On a recent conference panel, I was disheartened to confirm something that I had already suspected. When someone has success with their smart building project, it’s kept top secret. So this month’s column is a combo of whinge and a business self-help article.

I find the level of secrecy to be a paradox that is as perplexing as it is counterproductive. Amidst all our industry’s strides towards a sustainable and more human-centric future, this culture of secrecy shrouds the huge successes that we’ve achieved. This guarded approach, while rooted in competitive instincts, unwittingly hampers the collective growth and innovation potential of the industry at large. If more clients believe in the potential of smart buildings, there’s more lunch for everyone to eat.

First, let's consider the irony. We’re an industry at the forefront of innovation and sustainability in the built environment. Our reticence to lose some kind of secret sauce means that at the wider ecosystem level, we’re all disadvantaged as collective learning is limited and evolution is slowed. The consequence? A sector that operates contrary to the very principles that our technology operates on - openness and connectivity.

The reluctance to divulge successes has tangible repercussions. It leads to a landscape where mistakes are not just made but repeated, and opportunities for cross-pollination of ideas are lost in the mists of missed communication. The lack of shared knowledge and experience hinders the development of robust benchmarks and standards, essential for the health and progression of any industry. How many client projects have we worked on where benchmarks are tough, and vendor pitches are wrapped in innuendo?

Imagine a different scenario. A world where successes in smart building projects are not hoarded but shared generously. This isn't just about altruism; it's about enlightened self-interest. Sharing success stories accelerates innovation, fostering an environment where lessons are learned swiftly, and advancements are made more rapidly. What if we didn’t need the word smart anymore because there’s enough collective wisdom to know where the return on investment lies?

The sharing of successes cultivates a fertile ground for collaboration. It transforms the industry from a series of isolated and often replicative efforts into a cohesive, dynamic community. This is where architects, technologists, environmentalists, and all stakeholders in the built environment converge (just like our IT infrastructure), not just to share triumphs but to collectively troubleshoot, innovate, and push the boundaries of what's possible.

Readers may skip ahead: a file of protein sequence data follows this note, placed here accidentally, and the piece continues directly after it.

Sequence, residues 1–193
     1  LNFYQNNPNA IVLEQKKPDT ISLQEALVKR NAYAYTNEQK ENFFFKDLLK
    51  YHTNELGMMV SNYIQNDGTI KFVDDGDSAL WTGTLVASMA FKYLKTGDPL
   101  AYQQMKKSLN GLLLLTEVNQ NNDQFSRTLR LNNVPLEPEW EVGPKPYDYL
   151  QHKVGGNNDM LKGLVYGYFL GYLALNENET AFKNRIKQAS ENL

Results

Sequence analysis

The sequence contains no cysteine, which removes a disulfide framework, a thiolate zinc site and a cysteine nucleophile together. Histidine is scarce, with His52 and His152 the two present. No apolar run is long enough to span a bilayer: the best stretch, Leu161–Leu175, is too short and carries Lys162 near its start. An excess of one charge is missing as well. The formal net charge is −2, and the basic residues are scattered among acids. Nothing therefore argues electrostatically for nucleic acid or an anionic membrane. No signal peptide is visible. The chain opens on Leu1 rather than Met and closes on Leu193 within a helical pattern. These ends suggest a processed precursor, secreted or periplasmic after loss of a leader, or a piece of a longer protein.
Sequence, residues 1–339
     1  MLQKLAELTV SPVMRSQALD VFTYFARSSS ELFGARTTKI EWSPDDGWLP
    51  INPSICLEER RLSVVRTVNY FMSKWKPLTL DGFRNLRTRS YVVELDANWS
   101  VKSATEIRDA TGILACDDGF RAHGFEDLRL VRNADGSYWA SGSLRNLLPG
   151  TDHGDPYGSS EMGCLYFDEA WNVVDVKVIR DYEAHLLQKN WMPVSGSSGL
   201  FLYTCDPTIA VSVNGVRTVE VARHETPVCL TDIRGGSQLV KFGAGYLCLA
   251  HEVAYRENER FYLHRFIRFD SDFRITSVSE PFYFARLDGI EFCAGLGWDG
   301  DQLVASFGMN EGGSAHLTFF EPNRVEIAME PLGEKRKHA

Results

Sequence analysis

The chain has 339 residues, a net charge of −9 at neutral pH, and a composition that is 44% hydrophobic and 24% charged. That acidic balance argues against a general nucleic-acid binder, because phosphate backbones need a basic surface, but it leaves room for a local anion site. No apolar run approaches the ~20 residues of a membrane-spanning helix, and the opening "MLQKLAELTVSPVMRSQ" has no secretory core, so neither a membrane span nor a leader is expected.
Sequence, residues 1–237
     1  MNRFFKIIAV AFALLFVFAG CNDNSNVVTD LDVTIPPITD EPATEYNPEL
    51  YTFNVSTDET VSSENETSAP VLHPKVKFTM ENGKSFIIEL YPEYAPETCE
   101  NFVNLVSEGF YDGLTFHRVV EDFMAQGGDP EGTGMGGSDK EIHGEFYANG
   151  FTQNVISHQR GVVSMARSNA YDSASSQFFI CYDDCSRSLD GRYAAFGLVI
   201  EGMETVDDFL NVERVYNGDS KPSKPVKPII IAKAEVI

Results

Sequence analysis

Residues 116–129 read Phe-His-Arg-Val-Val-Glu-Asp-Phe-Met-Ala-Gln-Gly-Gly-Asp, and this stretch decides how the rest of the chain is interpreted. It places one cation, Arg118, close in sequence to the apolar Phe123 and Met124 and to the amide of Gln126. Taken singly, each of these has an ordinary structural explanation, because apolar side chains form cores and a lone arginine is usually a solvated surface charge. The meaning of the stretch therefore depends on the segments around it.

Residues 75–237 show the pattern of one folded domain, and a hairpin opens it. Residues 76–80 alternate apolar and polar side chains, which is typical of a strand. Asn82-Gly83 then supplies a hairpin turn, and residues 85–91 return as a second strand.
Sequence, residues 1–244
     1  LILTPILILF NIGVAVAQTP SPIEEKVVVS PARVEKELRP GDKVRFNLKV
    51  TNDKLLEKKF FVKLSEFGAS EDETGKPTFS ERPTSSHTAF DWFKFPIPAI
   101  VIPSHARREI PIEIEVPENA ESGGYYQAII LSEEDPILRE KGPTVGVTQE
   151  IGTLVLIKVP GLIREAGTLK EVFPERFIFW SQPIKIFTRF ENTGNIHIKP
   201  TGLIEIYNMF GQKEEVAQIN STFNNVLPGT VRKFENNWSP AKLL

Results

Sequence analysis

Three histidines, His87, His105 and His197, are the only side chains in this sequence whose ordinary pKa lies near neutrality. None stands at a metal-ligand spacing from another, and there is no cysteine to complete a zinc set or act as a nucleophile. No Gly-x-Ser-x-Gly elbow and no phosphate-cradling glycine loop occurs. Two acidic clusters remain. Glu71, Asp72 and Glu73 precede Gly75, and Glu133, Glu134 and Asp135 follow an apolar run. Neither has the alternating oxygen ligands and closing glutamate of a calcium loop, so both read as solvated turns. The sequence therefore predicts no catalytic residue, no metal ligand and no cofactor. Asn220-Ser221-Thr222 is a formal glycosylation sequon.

Right now, I think that the smart building industry stands at a critical juncture. So next time you think you’ve struck gold, chances are, someone has already done it. Or that others can have a share of your gold without you losing any of your gold. Or they could help you find a way of maximising it for even more gold! Sharing successes is more than just a good practice; it's a necessity for an industry predicated on the principles of connectivity, sustainability, and innovation. Let's break the silence and unlock the true potential of collective growth in smart building projects. After all, in an interconnected world, a win for one can be a win for all.

With this spirit, we're not just building smart buildings; we're building a smarter, more collaborative industry. And that, perhaps, is the smartest move of all.

In Dr Marson’s monthly column, he’ll be chronicling his thoughts and opinions on the latest developments, trends, and challenges in the Smart Buildings industry and the wider world of construction. Whether you're a seasoned pro or just starting out, you're sure to find something of interest here.

Something to share? Contact the author: column@matthewmarson.com

About the author:

Matthew Marson is an experienced leader, working at the intersection of technology, sustainability, and the built environment. He was recognised by the Royal Academy of Engineering as Young Engineer of the Year for his contributions to the global Smart Buildings industry. Having worked on some of the world’s leading smart buildings and cities projects, Matthew is a keynote speaker at international industry events related to emerging technology, net zero design and lessons from projects. He was an author in the Encyclopaedia of Sustainable Technologies and a published writer in a variety of journals, earning a doctorate in Smart Buildings.